What Separates Good Athletes from the Great?
This question has been speculated by athletes, coaches and sports fans for ages. What are the characteristics that separate an athlete from being a good player from a great player? At the Elite level of athletics, there is a very small level of physical difference between the top athletes. So what is that special something in an athlete? The answer is not a genetic disposition to being physically bigger or stronger, nor is it possessing a higher level of intelligence. The answer is simple: The best athletes possess a characteristic called “GRIT.”
Coaches, scouts and recruiters name GRIT as one of the most important qualities they seek in an athlete. For example, Seattle Seahawks legendary coach Pete Carroll, expresses that the main attribute he looks for in players is GRIT. Many coaches like Carroll are acknowledging that talent can be taught but not without GRIT as the foundation.
What is GRIT?
Dr. Angela Duckworth, the pioneer in GRIT research, defines this trait as, “self-discipline, combined with a passionate commitment to a task and a burning desire to see it through.” Furthermore, in Dr. Duckworth’s research that included National Spelling Bee participants, rookie teachers in challenging neighborhoods and West Point Cadets, she found, “One characteristic emerged as a significant predictor of success. And it wasn’t social intelligence. It wasn’t good looks, physical health, and it wasn’t IQ. It was GRIT.”
Essentially, GRIT can and should be developed for success; it is not an all or nothing trait. In the same way we can develop physical and mental skills, we can train GRIT and maintain it as a personal characteristic. Before you start working on evolving a grittier attitude, it is important to assess what level you are at now. To start measuring your level of GRIT, we need to break it down further. Even though the definition may seem a little broad, there is a simple acronym to help remember what GRIT is.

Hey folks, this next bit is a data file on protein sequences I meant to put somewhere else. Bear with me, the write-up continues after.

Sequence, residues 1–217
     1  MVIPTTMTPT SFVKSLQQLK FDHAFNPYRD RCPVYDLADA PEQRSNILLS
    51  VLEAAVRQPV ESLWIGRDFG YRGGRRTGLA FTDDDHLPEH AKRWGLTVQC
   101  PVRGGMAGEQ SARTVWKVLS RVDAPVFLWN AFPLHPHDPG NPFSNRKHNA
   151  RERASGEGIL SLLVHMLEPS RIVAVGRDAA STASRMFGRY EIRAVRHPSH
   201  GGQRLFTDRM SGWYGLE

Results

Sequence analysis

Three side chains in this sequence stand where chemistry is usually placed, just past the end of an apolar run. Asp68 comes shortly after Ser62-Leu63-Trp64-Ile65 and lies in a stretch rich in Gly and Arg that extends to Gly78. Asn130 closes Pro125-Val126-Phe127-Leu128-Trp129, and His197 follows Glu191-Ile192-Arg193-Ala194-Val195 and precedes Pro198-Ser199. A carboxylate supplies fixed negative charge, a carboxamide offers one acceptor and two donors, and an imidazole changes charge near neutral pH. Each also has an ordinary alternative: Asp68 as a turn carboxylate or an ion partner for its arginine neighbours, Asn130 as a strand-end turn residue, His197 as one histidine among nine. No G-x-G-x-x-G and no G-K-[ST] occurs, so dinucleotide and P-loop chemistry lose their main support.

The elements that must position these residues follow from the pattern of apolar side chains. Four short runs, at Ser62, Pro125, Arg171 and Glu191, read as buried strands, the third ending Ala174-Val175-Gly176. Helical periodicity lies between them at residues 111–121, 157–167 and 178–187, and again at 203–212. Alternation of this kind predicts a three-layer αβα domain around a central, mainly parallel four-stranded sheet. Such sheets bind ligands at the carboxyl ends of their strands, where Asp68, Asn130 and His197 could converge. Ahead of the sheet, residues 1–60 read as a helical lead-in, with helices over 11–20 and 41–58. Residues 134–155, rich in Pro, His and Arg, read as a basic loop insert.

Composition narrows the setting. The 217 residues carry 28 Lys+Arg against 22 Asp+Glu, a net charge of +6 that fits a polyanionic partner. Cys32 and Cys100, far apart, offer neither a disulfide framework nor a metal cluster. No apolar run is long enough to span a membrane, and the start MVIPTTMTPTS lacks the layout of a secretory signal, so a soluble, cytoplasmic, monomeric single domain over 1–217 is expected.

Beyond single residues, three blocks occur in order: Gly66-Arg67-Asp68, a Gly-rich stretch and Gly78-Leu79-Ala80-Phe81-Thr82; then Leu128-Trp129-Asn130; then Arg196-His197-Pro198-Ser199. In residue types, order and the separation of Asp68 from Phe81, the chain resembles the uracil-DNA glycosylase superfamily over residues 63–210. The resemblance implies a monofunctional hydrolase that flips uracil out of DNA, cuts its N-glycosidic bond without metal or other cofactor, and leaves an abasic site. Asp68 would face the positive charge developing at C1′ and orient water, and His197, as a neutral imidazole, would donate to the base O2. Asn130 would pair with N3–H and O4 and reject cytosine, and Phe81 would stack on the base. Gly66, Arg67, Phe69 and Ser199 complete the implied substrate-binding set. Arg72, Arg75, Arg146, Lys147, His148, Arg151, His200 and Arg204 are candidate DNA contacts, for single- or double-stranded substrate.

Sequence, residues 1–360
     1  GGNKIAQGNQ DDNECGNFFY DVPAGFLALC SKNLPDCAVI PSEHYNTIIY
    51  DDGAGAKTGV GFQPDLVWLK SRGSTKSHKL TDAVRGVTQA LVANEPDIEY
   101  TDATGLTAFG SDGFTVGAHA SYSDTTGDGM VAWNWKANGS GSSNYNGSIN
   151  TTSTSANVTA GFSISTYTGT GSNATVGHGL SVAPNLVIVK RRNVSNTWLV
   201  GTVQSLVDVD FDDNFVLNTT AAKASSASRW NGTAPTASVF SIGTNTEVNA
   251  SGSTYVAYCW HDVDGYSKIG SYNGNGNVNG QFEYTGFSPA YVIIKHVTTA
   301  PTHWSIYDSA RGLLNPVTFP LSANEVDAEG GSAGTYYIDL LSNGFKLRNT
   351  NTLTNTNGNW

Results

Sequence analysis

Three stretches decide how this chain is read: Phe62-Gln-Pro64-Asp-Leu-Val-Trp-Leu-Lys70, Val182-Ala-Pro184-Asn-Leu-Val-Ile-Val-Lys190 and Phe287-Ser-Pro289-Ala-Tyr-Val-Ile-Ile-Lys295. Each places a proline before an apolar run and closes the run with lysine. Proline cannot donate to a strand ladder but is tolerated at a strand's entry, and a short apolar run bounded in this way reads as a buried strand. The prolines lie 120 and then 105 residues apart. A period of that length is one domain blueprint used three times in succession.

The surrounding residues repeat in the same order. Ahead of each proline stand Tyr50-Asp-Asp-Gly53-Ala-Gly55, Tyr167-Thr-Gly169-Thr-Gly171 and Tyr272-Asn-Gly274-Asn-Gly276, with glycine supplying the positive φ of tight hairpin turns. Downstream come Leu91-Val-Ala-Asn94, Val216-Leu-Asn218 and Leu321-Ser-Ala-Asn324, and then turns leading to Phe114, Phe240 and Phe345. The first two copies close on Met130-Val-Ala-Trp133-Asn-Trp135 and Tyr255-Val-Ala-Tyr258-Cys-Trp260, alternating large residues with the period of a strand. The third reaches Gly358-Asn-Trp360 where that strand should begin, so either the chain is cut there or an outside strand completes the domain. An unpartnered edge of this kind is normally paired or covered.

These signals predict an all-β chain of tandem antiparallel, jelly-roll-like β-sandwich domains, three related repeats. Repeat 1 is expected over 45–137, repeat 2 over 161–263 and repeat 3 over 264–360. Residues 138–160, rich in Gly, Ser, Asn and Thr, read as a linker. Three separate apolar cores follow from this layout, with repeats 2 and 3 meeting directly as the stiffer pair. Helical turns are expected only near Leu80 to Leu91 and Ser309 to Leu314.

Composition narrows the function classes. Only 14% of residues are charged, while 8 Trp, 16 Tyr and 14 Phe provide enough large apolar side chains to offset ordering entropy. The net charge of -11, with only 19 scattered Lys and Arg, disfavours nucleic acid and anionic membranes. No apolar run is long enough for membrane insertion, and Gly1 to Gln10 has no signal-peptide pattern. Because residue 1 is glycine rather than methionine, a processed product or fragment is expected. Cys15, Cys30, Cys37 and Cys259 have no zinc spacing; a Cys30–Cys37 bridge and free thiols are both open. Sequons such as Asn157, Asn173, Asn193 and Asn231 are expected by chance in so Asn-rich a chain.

- Goals: Having a long-term goal, like making Varsity in high school or playing in college, but also having short-term goals that you work at everyday.
Example: Practicing your stick skills or footwork for an extra 30 minutes.
- Resiliency: Flex your mind in face of adversity, to be able to bounce back. Sports is a game of highs and lows, but being resilient means taking it all in stride.
Example: Returning to play after injuries, not making the team first time around but continuing to practice and get better to make the team the next year.
- Integrity: This means taking pride in yourself, your performance, your practice, and your team. It means deliberately practicing, not just walking through the motions. This requires self-control.
Example: Running through a drill you don’t like very much with 100% effort, because you know it will make you the best player you can be in the end.
- Tenacity: This is the heart of GRIT. It’s the sheer determination and perseverance to reach your goals and work towards reaching your full potential. To get to a high level you have to show intensity in your ability to reach your goals.
Example: Extra hours of practice or training, watching film, etc.
GRIT in Action:
GRIT is not developed overnight or in one training session. Developing GRIT is a process. But small changes are what equal big rewards in GRIT. Here is a way to put this into action now.
- Push yourself 5% extra….For change to occur you will have to experience some discomfort. This is when GRIT is the key factor. If you can withstand the challenge this is what separates great from good.
- Lots of people approach effort and intensity by saying give 110%. But that can be overwhelming and difficult to grasp. If we have 10 more sprints it is hard to gage if we are giving 110%. But what we can do is motivate our teammates and ourselves that extra 5%.
- Giving that extra 5% each time starts to build GRIT and dedication. Try this during your next workout or practice and see how much more you have in your tank!
Kat Scardino, M.Ed. and Devin Markle, Co-Directors of Athlete Development at Sports Academy, are members of the WSF Digital Contribution Team.
The content provided for this article has been approved by the Women’s Sports Foundation.